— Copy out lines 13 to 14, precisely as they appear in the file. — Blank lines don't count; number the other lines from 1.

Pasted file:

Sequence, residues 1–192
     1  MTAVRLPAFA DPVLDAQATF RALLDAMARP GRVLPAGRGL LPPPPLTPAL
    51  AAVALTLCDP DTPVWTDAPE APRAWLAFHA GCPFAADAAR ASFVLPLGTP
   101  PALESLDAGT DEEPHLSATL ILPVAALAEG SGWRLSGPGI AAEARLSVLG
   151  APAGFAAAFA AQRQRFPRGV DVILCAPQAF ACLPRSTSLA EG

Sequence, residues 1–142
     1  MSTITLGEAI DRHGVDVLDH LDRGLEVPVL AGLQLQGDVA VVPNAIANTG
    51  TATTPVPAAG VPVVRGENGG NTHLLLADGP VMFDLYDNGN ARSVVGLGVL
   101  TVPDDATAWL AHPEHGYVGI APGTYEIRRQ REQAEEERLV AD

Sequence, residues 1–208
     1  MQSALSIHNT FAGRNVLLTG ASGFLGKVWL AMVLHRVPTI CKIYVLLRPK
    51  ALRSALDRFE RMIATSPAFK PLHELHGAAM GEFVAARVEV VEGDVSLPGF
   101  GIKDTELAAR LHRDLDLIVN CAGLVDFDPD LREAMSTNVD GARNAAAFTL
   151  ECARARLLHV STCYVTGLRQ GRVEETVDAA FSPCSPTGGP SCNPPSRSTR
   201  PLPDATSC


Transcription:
   101  GIKDTELAAR LHRDLDLIVN CAGLVDFDPD LREAMSTNVD GARNAAAFTL
   151  ECARARLLHV STCYVTGLRQ GRVEETVDAA FSPCSPTGGP SCNPPSRSTR